Nagasaki nägˌäsäˈkē [key], city (1990 pop. 444,599), capital of Nagasaki prefecture, W Kyushu, Japan, on Nagasaki Bay. It is one of Japan's leading ports. Shipbuilding is the chief industry; machinery and electronics manufacturing and fishing are also important. Nagasaki's port, the first to receive Western trade, was known to Portuguese and Spanish traders before it was opened to the Dutch in 1567. After the Portuguese and Spanish merchants were forced to leave Japan in 1637, the Dutch traders were restricted (1641–1858) to De-shima, an island in the harbor. Nagasaki was gradually reopened to general foreign trade during the 1850s. Long a center of Christianity, the city had until 1945 Japan's largest Roman Catholic cathedral. During World War II, on Aug. 9, 1945, Nagasaki became the target of the second atomic bomb ever detonated on a populated area; as a result of this attack by the United States, about 75,000 people were killed or wounded, and more than one third of the city was devastated. Among Nagasaki's landmarks is Glover Mansion, scene of Puccini's opera Madama Butterfly. Nagasaki prefecture (1990 pop. 1,563,015), 1,574 sq mi (4,077 sq km), is mainly agricultural. Raw-silk production is widespread, and coal is mined near Sasebo. Important cities are Nagasaki, Hirado, known for its fine porcelain ware, and Sasebo, the site of a large naval base. The prefecture includes the island of Goto-retto.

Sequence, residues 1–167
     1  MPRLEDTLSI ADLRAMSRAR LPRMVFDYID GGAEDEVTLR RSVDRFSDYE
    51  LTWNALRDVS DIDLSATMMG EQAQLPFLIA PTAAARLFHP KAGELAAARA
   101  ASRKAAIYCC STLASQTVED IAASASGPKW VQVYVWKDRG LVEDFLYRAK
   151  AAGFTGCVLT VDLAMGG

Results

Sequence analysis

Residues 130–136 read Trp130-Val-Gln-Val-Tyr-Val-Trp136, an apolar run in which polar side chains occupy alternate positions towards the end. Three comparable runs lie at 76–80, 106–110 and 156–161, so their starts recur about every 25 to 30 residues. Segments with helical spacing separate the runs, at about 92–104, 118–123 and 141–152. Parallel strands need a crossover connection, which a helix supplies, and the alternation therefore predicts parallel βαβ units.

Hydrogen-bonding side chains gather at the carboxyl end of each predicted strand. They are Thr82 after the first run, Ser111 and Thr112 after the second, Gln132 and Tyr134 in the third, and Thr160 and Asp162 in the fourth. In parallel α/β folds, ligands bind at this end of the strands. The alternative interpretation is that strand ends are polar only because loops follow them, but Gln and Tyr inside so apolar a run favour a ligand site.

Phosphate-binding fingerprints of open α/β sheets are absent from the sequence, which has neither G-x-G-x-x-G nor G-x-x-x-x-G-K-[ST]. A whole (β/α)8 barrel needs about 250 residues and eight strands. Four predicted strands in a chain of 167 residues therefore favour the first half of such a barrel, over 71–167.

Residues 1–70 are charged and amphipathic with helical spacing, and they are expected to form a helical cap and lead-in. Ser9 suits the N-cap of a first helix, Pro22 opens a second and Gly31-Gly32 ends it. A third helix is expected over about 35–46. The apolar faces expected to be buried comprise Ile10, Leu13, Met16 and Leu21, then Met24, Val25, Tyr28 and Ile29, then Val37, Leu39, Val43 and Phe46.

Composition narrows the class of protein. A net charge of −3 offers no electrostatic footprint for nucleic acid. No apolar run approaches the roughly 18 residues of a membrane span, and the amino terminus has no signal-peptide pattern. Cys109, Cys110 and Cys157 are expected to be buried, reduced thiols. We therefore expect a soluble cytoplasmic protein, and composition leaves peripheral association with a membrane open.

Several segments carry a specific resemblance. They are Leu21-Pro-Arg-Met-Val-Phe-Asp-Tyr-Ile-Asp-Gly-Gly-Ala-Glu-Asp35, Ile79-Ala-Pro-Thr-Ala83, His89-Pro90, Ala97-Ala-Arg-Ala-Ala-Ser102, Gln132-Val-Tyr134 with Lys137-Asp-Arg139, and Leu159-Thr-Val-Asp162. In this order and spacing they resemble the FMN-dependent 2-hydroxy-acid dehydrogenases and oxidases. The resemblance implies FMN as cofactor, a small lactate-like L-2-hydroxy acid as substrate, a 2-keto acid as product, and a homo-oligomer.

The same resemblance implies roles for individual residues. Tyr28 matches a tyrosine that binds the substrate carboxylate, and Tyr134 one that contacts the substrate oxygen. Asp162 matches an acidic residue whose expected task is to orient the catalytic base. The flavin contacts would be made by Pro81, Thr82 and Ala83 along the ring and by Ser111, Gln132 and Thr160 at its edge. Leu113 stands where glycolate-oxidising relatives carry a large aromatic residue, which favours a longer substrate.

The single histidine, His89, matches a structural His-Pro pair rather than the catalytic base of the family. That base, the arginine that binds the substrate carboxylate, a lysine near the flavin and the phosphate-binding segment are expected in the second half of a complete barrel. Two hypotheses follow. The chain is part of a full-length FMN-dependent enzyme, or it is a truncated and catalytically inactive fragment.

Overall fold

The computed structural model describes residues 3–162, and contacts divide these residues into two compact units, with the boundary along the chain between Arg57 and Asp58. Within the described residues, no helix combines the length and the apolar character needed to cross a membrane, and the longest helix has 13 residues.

See S. Southard, Nagasaki: Life after Nuclear War (2015).

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